Furthermore, there was substantial evidence that Greenwood aided Fabian's and Robinson's possession by (1) personally providing part of the cash payment used to obtain the marijuana;  (2) acting as Fabian's partner in soliciting Robinson's services regarding transportation of the marijuana-filled truck;  (3) communicating with Fabian and Robinson to coordinate successful delivery of the truck;  (4) being available to receive the load himself in the event Fabian was not available;  and (5) accompanying and ultimately driving Fabian to pick up the load.

Given this evidence, we cannot say that no rational jury could have found Greenwood guilty of aiding and abetting the possession.   Furthermore, Greenwood's argument that the evidence demonstrated only that he was planning to aid and abet Fabian's and Robinson's possession of the marijuana after it arrived in Connecticut misses the point.   In so planning to aid the possession after the truck arrived in Connecticut, Greenwood was simultaneously aiding the actual and constructive possession of the marijuana that Fabian and Robinson had before the truck reached its destination.   We thus find no basis for reversing the conviction.

3. Sentencing

After the jury determined that Greenwood's conspiracy conviction involved between 50 and 100 kilograms of marijuana, the parties disputed the exact amount that should be attributed to Greenwood for sentencing purposes.   The Government contended that Greenwood should be held liable at least for the 85.62 kilograms seized from the truck upon its arrival in Connecticut, as well as for additional planned shipments.   That calculation put Greenwood in the 80-100 kilogram range, which corresponded to a base offense level of 24.   See U.S.S.G. § 2D1.1(c)(8).   Greenwood, however, contended that the quantity of the marijuana should be based only on what was seized from the truck and should be offset by at least 8.4 kilograms, since that amount was designated for Clarke, unknown to Fabian.   Thus, Greenwood argued that the correct base offense level was 22, based on the range of 60-80 kilograms.   See U.S.S.G. § 2D1.1(c)(9).

The district court adopted the Government's view, finding merit in its position that Greenwood “was a knowing, active participant in what was intended to be not just this one shipment, but more shipments.”   The court thus found the base offense level to be 24, granted Greenwood a two-level “minor participant” reduction, and sentenced Greenwood primarily to 41 months, which was at the bottom of the applicable Guidelines range.   On appeal, Greenwood reasserts his argument regarding the 8.4 kilograms attributable to Clarke.

 Because drug quantity was not a required element of the offense under Thomas (since Greenwood's sentence did not exceed the applicable statutory maximum), see II.A.1, supra, the district court needed to find drug quantity by only a preponderance of the evidence for sentencing purposes.   McLean, 287 F.3d at 133;  United States v. Desimone, 119 F.3d 217, 228-29 (2d Cir.1997).   We review a sentencing court's factual findings regarding drug quantity only for clear error.  McLean, 287 F.3d at 133;  United States v. Prince, 110 F.3d 921, 924 (2d Cir.1997).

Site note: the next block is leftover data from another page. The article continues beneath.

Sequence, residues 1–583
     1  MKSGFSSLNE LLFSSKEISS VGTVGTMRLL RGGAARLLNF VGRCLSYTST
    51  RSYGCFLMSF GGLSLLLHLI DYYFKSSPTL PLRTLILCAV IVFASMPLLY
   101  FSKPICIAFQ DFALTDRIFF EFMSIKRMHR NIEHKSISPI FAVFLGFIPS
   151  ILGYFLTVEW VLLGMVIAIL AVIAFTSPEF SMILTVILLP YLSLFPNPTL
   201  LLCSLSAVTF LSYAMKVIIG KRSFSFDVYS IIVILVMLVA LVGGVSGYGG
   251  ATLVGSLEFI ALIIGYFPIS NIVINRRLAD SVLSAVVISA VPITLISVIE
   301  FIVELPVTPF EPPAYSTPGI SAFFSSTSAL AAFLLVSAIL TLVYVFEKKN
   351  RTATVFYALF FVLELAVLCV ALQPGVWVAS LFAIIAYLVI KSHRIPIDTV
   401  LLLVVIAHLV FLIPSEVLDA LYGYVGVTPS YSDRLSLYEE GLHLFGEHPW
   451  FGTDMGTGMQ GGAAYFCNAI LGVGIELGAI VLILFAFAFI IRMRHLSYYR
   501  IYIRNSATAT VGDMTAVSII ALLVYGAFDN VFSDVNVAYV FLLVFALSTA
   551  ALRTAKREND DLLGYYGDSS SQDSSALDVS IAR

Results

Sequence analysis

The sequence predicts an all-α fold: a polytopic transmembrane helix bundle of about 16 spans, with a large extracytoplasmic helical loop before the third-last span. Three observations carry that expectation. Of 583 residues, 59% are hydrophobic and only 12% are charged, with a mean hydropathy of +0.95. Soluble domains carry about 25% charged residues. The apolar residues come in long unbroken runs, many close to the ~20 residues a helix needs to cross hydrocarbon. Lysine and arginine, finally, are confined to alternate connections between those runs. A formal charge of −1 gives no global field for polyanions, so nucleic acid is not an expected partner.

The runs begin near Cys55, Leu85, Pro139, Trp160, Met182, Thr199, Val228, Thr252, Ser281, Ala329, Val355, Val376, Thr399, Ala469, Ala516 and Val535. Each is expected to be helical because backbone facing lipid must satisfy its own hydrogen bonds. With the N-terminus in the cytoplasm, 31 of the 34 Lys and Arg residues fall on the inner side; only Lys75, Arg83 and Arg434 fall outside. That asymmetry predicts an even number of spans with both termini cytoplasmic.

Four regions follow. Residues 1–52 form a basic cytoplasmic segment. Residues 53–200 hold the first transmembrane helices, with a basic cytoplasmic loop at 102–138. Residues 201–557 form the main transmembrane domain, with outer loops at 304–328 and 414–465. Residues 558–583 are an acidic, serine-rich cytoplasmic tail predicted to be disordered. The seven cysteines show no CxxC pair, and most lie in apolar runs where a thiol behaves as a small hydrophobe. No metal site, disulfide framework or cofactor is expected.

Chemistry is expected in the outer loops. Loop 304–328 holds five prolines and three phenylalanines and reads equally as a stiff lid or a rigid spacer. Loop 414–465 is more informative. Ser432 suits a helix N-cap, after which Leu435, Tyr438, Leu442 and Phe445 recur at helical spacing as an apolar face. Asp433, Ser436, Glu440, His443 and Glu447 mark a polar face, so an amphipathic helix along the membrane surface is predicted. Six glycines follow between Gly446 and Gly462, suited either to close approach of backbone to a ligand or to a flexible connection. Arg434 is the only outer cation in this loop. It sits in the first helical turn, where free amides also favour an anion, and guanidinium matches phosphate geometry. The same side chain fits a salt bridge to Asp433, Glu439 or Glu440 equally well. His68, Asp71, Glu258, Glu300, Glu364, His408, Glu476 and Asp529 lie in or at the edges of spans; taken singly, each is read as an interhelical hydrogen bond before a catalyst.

Greenwood has failed to establish that the district court clearly erred by attributing 80-100 kilograms of marijuana to him.   His argument that he should be liable for less than 80 kilograms because he had no knowledge that 8.4 kilograms was purchased for Clarke must be rejected.   In holding Greenwood responsible for the greater amount, the district court relied primarily on its finding that Greenwood, as Fabian's assistant, joined in an agreement between Fabian and Robinson to make multiple shipments from Texas to Connecticut, rather than just the one shipment that led to his arrest.   We find no clear error with this finding, which essentially makes the dispute over Clarke's 8.4 kilograms irrelevant.   We thus affirm the district court's calculation of Greenwood's sentence.

B. Anderson's Appeal

1. Sufficiency of Drug Conspiracy Evidence

Anderson argues that there was insufficient evidence to support his conviction for conspiring with Richards and others to distribute marijuana.   Specifically, Anderson contends that the evidence at trial demonstrated that he tried to join the marijuana conspiracy, but that his repeated requests to do so were denied by Richards.

 “A conviction for conspiracy must be upheld if there was evidence from which the jury could reasonably have inferred that the defendant knew of the conspiracy ․ and that he associat[ed] himself with the venture in some fashion, participat[ed] in it ․ or [sought] by his action to make it succeed.”  United States v. Podlog, 35 F.3d 699, 705 (2d Cir.1994) (internal quotations and citations omitted).   Moreover, as already discussed, a defendant bears a heavy burden when challenging his conviction for insufficiency of the evidence.

 Anderson does not meet this burden.   The evidence at his trial included:  (1) Hamilton's testimony that Anderson received marijuana from Richards for resale;  (2) law enforcement testimony that various incriminating items, some with marijuana residue, were seized from Anderson's apartment;  (3) telephone records that showed Anderson spoke with Richards over 400 times during the relevant period;  and (4) wiretapped calls between Richards and Anderson that demonstrated that Anderson had some knowledge of Richards's marijuana distribution operation.   In denying Anderson's post-trial motion for a judgment of acquittal based on insufficiency of the evidence, the district court pointed out that Anderson “must acknowledge the testimony of Everton Hamilton,” which “places [Anderson] in this conspiracy.”   We agree with the district court that a reasonable trier of fact could credit Hamilton's testimony.   Therefore, the evidence was sufficient to support the jury's verdict on the conspiracy conviction.